Ore. governor candidate Dudley took big tax break for allowing firefighters to burn his house

By Nigel Duara, AP
Thursday, October 7, 2010

Dudley gave house for fire training, got tax break

PORTLAND, Ore. — Republican Chris Dudley, a former professional basketball player now running for governor in Oregon, acknowledges he allowed firefighters to burn his house in 2004 in a posh Portland suburb as part of a training exercise for the local fire department and took a $350,000 tax deduction for it.

Dudley’s campaign also says there was nothing wrong it.

“He’s allowed under the law to take a deduction and he did everything by the books,” campaign manager Josh Ginsberg said Thursday in a statement. “It was legal, ethical and proper and any suggestion otherwise is completely unfair to Chris Dudley.”

But Oregon Democrats are using the revelation — first reported this week by the Willamette Week newspaper — as ammunition against Dudley in his tight race against John Kitzhaber, a former governor.

“Dudley seems to have no problem using public resources for his own gain while finding creative ways to get out of paying for them,” said Democratic Party of Oregon spokeswoman Amy Wojcicki in a statement.

The Internal Revenue Service would not comment on whether it would investigate.

It’s the second time in the gubernatorial campaign that Dudley has become a political target over a house.

Dudley moved to Camas, Wash. in the 1990s, while playing for the NBA’s Portland Trail Blazers, and has admitted he did so to avoid paying some Oregon taxes. Democrats have called for an Oregon Revenue Department investigation into whether Dudley cheated on his taxes by actually living in Oregon while claiming the Washington residence. Dudley did pay Oregon income taxes on his Trail Blazers’ salary.

The latest controversy involves a home in Lake Oswego, an affluent Portland suburb.

After retiring from the Trail Blazers, Dudley donated the 4,500-square-foot house to the Lake Oswego Fire Department to use in a live fire drill.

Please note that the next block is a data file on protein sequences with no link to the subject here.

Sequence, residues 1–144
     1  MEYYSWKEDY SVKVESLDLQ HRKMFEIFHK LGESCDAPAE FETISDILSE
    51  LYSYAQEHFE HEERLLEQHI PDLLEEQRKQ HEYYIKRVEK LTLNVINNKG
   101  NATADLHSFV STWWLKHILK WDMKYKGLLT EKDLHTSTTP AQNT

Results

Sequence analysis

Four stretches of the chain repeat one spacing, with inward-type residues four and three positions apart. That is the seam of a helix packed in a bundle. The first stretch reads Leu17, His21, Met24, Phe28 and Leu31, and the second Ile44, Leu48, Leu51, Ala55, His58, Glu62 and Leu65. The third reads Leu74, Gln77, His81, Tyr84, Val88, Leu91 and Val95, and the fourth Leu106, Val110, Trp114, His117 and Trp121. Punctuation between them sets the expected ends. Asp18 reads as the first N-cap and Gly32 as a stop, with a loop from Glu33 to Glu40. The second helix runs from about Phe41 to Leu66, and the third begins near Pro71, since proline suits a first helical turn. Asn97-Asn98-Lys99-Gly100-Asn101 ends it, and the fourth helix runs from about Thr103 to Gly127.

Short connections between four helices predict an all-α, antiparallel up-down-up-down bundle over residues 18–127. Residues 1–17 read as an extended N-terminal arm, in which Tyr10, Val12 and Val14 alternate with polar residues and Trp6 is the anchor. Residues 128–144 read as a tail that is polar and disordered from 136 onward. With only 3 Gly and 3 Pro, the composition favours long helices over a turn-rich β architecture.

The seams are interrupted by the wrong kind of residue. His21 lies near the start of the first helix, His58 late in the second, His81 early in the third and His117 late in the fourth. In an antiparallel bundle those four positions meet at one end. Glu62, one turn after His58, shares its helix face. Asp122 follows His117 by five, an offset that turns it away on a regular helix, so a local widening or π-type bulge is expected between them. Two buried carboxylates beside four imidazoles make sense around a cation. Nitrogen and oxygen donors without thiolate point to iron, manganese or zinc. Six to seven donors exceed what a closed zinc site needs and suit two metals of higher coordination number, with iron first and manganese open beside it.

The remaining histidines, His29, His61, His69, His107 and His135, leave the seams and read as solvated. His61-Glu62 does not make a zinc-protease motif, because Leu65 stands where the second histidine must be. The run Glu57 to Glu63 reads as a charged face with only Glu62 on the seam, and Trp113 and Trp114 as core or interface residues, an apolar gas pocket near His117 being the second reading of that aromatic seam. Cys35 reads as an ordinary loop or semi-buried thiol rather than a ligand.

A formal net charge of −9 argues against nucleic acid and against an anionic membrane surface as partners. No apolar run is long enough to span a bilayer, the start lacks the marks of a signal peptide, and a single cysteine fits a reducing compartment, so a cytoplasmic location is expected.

Dudley campaign spokesman Jake Suski said Dudley consulted with his accountants about taking a tax deduction, but didn’t check with the IRS. Suski said Dudley didn’t face an audit or inquiry from the IRS after he claimed the $350,000 write-off.

Ginsberg said the Lake Oswego Fire Department wrote a note of thanks to Dudley in which they said the drill helps them train and is good for the community.

“Chris Dudley provided a qualified appraisal of the property,” Ginsberg said. “His property met the safety and environmental standards for qualification and Chris paid for the removal of the debris following the training.”

Dudley replaced the burned house with one nearly twice as large, where he now lives.

Oregon Democrats claim the tax deduction amounts to tax evasion, and have suggested it could be tax fraud.

“The Dudley tax scandal has evolved from an admission of dodging Oregon taxes 13 years ago to evidence of tax evasion and now evidence of tax fraud,” said Democratic Party of Oregon consultant Josh Kardon.

Although letting a fire department burn your house and claiming a tax deduction is not unheard of, the IRS has begun fighting such tax breaks.

The Oregonian reported that the kind of deduction Dudley made is an issue in a Wisconsin case in the U.S. Tax Court. In that case, the court is considering whether a lakeside property owner outside Milwaukee can claim a $76,000 deduction for allowing firefighters to burn down a house he didn’t want. The IRS contends that claiming the full market value of the Wisconsin house was “excessive” and presented evidence that the house would be next to worthless if someone actually had to move it to another property.

IRS spokesman Richard Panick said the agency does not keep data on how frequently such donations are made.

“For any items of very large value, an appraisal is part of the documentation that would need to accompany the tax return,” Panick said. The IRS weighs the appraisal based on its completeness, the qualifications of the appraiser and the appraiser’s “demonstrated knowledge” of the property being donated.

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